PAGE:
This is more complex and takes longer to set up but provides that extra layer of protection that blocks malicious bots, scripts, and more before they reach your website.
3. Ensure your hosting company uses security measures
Speak to your web hosting company about what security measures they have in place.
Some hosts will have security tools active, but they’re usually not very comprehensive.
You’re likely to get more security functions through a virtual private server, a dedicated server, or by using a managed service like WP Engine.
We use Liquid Web for our VPS. This service includes a firewall, brute force protection, and other layers of security, such as “ModSecurity.”
These functions pick up on security threats and take further preventative action, such as blocking IP addresses, to make sure your site stays secure.
4. Regularly backup your membership site
Being able to reset your website to an earlier version can be a life saver if you ever need it, so make sure you take regular backups of your membership site.
If you do get hacked or something malicious is installed, this will give you the option to restore your site to a version before the incursion happened.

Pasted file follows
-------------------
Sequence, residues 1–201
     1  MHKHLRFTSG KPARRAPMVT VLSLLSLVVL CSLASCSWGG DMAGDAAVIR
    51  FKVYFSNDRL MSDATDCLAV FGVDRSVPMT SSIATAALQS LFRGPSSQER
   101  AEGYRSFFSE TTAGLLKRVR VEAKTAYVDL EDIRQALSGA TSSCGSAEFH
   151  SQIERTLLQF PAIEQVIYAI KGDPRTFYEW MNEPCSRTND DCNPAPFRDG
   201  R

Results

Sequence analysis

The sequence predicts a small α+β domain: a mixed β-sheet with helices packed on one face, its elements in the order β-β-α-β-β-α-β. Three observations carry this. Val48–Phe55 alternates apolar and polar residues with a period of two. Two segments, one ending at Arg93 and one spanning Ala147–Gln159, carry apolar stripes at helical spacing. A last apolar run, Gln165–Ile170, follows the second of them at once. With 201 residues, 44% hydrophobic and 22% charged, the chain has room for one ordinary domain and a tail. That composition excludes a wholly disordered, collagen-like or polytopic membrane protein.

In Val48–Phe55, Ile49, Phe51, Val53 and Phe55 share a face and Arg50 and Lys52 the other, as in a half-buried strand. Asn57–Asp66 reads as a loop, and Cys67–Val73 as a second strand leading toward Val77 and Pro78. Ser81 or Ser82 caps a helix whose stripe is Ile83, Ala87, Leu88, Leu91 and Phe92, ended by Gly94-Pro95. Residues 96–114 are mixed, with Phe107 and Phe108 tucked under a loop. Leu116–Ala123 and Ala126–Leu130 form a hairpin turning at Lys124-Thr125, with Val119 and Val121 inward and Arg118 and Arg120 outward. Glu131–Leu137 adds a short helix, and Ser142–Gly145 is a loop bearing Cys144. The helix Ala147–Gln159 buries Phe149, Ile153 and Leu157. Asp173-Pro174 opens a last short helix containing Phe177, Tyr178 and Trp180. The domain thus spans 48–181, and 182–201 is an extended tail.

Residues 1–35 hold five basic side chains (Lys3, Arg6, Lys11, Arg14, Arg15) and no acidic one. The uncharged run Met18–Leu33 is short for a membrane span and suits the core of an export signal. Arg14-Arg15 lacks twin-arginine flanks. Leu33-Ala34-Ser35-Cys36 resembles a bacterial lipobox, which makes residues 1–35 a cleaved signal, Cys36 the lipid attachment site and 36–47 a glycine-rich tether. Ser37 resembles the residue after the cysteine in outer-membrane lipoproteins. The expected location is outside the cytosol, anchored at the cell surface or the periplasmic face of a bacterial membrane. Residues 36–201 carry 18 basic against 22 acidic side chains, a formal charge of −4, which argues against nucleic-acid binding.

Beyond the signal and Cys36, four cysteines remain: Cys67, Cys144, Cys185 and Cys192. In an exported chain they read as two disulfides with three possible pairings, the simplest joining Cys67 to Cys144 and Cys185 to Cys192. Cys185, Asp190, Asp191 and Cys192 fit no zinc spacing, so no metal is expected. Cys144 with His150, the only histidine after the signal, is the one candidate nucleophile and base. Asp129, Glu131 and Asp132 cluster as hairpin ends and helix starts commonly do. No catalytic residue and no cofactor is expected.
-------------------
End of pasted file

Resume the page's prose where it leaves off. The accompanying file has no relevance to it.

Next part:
Check with your hosting company as they should have an option for taking regular backups automatically.
Services like ManageWP and plugins like BackupBuddy also provide backup services that let you backup your site to a remote location, like DropBox or Amazon S3.
5. Practice good password protection
It seems obvious to say it, but make sure you’re using strong, unique passwords and don't use the same username and password combination you use on every other website.
Consider using a password manager like Last Pass.
A password manager generates very secure passwords and stores them for you, so you don’t have to worry about remembering them.
Ideally, you should also use two-factor authentication.
This is where you enter an initial password, then a code gets sent to your phone, which you have to enter to prove that you’re the person logging in and not an intruder.
It might sound like a hassle to do this, but anyone who’s had their membership site hacked will know that it’s a vital step to keeping your site as secure as possible.
6. Be careful who you give admin access to
Anyone who has access to your site should also practice good password protection and be using two-factor authentication.
But you should carefully consider who you allow to access your site and what changes you allow them to make.
It’s not just about trusting them…